Mark 12, 35-44 no. 39 Nov. 28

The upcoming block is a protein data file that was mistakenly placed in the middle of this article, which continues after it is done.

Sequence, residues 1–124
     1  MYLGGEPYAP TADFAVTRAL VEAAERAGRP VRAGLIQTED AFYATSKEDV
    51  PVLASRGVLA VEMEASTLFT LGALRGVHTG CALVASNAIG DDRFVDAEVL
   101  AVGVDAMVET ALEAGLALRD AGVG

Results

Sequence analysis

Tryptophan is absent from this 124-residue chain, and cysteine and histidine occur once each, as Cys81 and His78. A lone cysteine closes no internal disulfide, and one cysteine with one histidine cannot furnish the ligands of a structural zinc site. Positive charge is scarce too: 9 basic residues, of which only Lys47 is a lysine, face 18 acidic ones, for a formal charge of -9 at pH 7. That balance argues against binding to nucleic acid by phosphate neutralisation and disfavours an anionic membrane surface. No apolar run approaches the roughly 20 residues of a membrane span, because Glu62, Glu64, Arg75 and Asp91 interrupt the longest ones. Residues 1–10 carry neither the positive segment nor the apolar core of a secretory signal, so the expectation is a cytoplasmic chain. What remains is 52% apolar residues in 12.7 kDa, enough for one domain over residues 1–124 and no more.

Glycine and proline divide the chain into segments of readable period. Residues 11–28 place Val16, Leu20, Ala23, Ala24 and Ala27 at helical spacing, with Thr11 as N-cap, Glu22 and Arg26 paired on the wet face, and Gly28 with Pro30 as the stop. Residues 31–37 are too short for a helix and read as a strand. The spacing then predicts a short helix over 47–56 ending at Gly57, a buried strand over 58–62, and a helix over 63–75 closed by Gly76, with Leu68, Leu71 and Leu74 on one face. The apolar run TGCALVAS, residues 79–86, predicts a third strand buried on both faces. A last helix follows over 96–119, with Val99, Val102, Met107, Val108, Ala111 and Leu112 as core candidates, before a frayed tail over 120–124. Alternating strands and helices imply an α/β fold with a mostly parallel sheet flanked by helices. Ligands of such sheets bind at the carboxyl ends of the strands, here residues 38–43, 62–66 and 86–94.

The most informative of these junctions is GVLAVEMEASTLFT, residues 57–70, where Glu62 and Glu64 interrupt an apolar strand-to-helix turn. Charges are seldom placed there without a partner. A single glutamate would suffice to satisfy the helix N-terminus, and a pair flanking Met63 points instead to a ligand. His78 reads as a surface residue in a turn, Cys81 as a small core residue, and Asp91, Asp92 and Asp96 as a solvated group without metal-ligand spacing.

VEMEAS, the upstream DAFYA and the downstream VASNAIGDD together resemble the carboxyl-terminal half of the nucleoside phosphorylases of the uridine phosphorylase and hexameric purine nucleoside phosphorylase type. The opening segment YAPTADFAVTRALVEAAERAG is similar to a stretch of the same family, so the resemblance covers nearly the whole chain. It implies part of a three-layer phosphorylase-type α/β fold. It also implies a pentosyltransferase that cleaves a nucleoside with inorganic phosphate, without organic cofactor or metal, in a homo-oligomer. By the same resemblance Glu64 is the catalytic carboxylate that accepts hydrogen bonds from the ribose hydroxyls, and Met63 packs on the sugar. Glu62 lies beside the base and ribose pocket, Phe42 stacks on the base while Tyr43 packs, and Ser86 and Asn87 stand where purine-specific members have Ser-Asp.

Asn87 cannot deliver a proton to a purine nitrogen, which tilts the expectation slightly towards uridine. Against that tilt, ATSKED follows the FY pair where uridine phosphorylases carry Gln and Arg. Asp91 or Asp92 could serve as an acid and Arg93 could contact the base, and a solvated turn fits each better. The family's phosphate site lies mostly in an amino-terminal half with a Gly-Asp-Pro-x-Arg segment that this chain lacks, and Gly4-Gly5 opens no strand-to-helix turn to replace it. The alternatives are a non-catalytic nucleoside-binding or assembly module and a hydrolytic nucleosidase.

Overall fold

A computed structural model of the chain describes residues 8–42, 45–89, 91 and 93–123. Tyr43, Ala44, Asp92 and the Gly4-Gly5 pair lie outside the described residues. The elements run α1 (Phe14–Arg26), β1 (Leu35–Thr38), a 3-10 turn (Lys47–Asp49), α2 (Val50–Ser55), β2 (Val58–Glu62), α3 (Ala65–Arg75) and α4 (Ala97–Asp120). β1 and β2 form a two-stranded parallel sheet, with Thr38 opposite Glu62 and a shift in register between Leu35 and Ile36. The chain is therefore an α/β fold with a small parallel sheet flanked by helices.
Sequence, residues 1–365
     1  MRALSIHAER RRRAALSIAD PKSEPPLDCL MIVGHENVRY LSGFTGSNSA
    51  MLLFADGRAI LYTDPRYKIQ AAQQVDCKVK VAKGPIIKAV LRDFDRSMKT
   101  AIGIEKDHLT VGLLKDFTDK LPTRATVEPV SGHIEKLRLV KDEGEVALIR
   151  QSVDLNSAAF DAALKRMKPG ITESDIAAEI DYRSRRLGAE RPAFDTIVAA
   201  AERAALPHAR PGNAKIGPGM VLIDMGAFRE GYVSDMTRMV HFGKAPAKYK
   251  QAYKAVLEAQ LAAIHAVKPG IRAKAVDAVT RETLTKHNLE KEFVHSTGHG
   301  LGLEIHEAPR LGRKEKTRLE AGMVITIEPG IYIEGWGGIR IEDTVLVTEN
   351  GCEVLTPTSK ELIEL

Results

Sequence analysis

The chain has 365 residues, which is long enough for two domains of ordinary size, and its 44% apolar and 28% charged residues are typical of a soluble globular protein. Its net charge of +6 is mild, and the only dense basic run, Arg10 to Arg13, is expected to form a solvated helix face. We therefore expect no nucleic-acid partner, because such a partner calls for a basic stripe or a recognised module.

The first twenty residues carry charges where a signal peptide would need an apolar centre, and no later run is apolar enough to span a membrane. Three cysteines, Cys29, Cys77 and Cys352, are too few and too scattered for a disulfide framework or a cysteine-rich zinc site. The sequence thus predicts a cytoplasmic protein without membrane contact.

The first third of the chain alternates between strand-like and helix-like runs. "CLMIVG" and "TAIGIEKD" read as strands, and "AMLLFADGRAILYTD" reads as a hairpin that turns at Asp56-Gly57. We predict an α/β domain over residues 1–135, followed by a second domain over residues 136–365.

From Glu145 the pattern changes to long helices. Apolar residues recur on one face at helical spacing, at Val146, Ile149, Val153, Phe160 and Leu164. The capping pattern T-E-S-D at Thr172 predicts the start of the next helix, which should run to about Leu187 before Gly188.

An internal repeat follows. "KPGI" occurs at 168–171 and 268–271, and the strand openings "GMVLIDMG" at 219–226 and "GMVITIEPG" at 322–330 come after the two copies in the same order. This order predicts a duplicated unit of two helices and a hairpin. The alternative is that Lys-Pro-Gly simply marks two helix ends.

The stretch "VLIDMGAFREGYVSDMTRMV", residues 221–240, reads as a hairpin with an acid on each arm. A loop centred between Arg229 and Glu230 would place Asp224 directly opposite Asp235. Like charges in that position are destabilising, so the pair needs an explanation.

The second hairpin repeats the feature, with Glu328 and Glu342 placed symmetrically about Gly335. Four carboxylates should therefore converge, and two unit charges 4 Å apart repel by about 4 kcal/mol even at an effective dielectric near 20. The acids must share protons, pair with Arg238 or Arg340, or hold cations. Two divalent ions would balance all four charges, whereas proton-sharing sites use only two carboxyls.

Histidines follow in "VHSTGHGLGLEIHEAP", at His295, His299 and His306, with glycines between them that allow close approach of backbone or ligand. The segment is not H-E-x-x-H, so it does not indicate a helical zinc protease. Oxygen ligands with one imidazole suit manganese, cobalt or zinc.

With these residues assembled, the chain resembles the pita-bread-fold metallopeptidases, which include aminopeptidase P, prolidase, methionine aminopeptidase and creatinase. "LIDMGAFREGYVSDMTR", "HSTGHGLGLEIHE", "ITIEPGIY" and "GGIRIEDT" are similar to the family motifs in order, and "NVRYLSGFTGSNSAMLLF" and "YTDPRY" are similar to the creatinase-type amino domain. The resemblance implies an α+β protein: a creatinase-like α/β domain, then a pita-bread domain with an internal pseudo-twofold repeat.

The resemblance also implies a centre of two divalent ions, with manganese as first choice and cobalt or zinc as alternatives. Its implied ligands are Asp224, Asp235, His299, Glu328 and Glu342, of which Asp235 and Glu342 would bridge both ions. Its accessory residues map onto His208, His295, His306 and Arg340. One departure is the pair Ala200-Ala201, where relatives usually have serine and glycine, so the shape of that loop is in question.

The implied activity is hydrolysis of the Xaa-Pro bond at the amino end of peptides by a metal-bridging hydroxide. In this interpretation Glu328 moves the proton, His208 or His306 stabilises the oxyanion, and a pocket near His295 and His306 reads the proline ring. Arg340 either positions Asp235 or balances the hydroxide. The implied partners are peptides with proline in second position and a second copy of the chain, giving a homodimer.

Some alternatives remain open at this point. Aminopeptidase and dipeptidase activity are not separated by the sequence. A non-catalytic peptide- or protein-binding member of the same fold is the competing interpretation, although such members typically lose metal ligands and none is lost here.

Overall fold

The Jerusalem challenges to Jesus are finished. Jesus now presents his own challenge, again in the form of a question that will tax the authoritative teachers of the Law, the scribes. The foundation for the question is the conclusion drawn from the Jewish Scriptures that the Messiah is the Son of David. This belief is based particularly on God’s words to David, that he will have offspring that will rule over Israel forever. This promise, or covenant, indeed grounds much of the Christology of the New Testament Gospels. Even though there is some tension between the claim that Jesus was born in David’s city, Bethlehem, and the general affirmation that he comes from Nazareth, a town with no references to David, generally the belief is that the Messiah will be a child of David. But Jesus offers a text to contradict what is said in 2 Samuel: David recognizes the person seated next to the Lord (Yahweh) to be David’s own lord. But, the argument says, if this Lord is the Messiah, then David is calling the Messiah ’my Lord’ – and this hardly squares with the notion that the Messiah is David’s son. How, Jesus wants to know, can the Messiah be both David’s son and Lord of David? Can one’s Master be one’s son, and vice-versa? There are three things to note here. First, the scribes have been proved to know the Scriptures less well than Jesus. Second, the crowds are pleased with the consternation of the scribes. Third, only the Christian can answer how it is possible that David’s son be David’s Lord; the entire Gospel explains how the son of David becomes that Lord of David seated at the right hand of the Lord Yahweh. Only belief in, and understanding of Jesus can solve the question Jesus poses. Next, Jesus strongly criticizes the scribes for their way of life. Ever against pride, by which is meant willing false self-praise, Jesus has always pleaded that the scribes face up to their true selves. Jesus asks for this honesty so that one can begin the often arduous task imposed on every human being: love God with all one’s heart and love one’s neighbor as one wants to be loved. Jesus points to two major manifestations of false pride: the clamor for public acclaim beyond their due and the unjust grabbing of widows’ homes while claiming to be prayerful before God. Here again, the scribes are particularly singled out for criticism: they do not admit to God and man what they are, and they so interpret the Law that they end up stealing and praying, a terrible contradiction which they think represents the will of God. It is significant that Mark has chosen the scribes to close out the public life of Jesus, a life contested by many authorities, but particularly those who refuse to admit that his is the wisdom which reflects best the will of God, and live a life which contradicts Jesus’ wisdom, which is God’s wisdom. To contradict the falsehoods of this leading group of authoritative specialists, Mark completes the teaching of Jesus in the Temple area by a story about Jesus’ observations at the Temple treasury. This ’treasury’, the place of donations from pious Jews, was within the Court of the Women, outside of the Holy and Holy of Holies. Here, there were tubes placed, tubes that were wide at their tops and narrow at their bottoms. Into the mouths of these tubes people could place their donations. Jesus sees how much each gives, how the rich give much and the widow gives all. Her ’all’ seems nothing to the value of the ’much’ of the rich. And in one sense there is no comparison of value. But what Jesus notices is not precisely value, but how much each person is willing to give God. The widow gave little of value, but it was all the value she had, and so is exceedingly praised because she gave her all to God – which is what Jesus has been asking, not in money, but in repentance and return to God. The heart is what Jesus longs to return to God, not possessions. It is time to end this teaching stay in the Temple area, and time to think of Israel’s future and of ’the Last Things’, says Mark. John Kilgallen, S.J.
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